The Dragon-Fly.

DRAGON-FLIES may be found near ponds

and streams. As they are among the largest

of insects, their bodies long, and their colors

brilliant, they may be very easily known.

The dragon-fly first comes from an egg. A

number of eggs, fasten to each other in a 

cluster, are dropped by the mother into the

 water, where they sink to the bottom. After 

a while,the young ones break the shell and 


Here, then, we have this insect in the early

stage of its life that is in the water.

At this time it is like a worm with six legs.

The tail is furnished with means for drawing

up and driving out the water, by which it

supplies itself with oxygen, and pushes itself

forward at the same time. Its lower lip

grows into a strangely-jointed organ which

can be shot forward nearly an inch, the more

readily to seize its prey. It has a great appetite,

and eagerly devours whatever grubs or

worms may come within its reach.

Ten or eleven months are spent in the first

stages of its life in the water. If it were

taken out and kept for any length of time it

would perish. Above it, there is a world in

which it is destined to live, for which, in its

present state, it is utterly unfit. Of the thin

air and bright sunshine and beautiful flowers,

and of the freedom and joy of a winged life,

it knows nothing.

But at length a time comes when it is

seized by a strange restlessness. It loses its

relish for the pursuits in which it had hitherto

spent its life. It can live no longer in the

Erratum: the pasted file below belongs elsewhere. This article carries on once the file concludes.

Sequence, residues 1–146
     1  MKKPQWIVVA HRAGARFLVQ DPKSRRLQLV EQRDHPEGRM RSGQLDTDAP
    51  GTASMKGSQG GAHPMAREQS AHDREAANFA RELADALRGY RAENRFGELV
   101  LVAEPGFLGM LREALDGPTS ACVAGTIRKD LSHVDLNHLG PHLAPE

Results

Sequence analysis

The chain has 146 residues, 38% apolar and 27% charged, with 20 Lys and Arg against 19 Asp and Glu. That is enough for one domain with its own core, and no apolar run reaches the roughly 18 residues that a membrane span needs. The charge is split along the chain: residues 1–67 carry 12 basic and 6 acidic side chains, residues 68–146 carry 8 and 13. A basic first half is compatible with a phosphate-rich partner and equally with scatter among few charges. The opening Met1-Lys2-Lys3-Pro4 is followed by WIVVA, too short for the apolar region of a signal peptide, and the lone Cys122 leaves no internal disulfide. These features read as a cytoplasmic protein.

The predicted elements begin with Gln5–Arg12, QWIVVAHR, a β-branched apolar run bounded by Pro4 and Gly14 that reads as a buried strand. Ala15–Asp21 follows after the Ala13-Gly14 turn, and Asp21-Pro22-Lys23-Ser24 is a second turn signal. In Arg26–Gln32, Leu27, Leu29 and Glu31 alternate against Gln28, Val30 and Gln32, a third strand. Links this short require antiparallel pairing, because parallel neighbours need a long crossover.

water, and yielding to an impulse to ascend,

it climbs the stalk of some plant and passes

from the water. When high enough up, it

pauses and takes a firm hold of the plant with

its claws. If closely observed, it is now seen

to quiver, as if in mortal agony. At length

the skin of the back splits open, the dragonfly

thrusts out its head, and at last succeeds

in drawing out the whole body, leaving the

old skin behind.

It still remains for a time upon the plant,

shaking out its wings until they are dry and

gain strength, when it launches away on the

air for the toils and joys of the new life which

it has begun.

There are several kinds of dragon-flies,

and all are very beautiful. Their wings,

which are four in number, are light and gauzy,

like network, and some of them are tinted

with all the colors of the rainbow. Their

eyes are hard, but clear, and very large, forming,

indeed, the greater part of the head.

They are strong of wing, and quite as greedy

in their new state of life as in the old.


Children's Guest.

What a wonderful change this curious insect

experiences in passing from the dull,

sluggish life which he led in his gloomy 

prison-house of water and mud, to his 

subsequent life of freedom and activity!

And should we not look for as great a

change in one who has been set free from the 

cruel bondage of sin and Satan? One who

has, spiritually, passed from death unto life?

Whose sins have been forgiven and who rejoices

in the love and favor of God?

And all who have met this spiritual change,

and who go on serving the Lord, faithful to the

end, will experience a transformation in body,

more sudden and more wonderful than that

experienced by the dragon-fly. May all who

read this, meet with that glorious change

when our Lord shall come.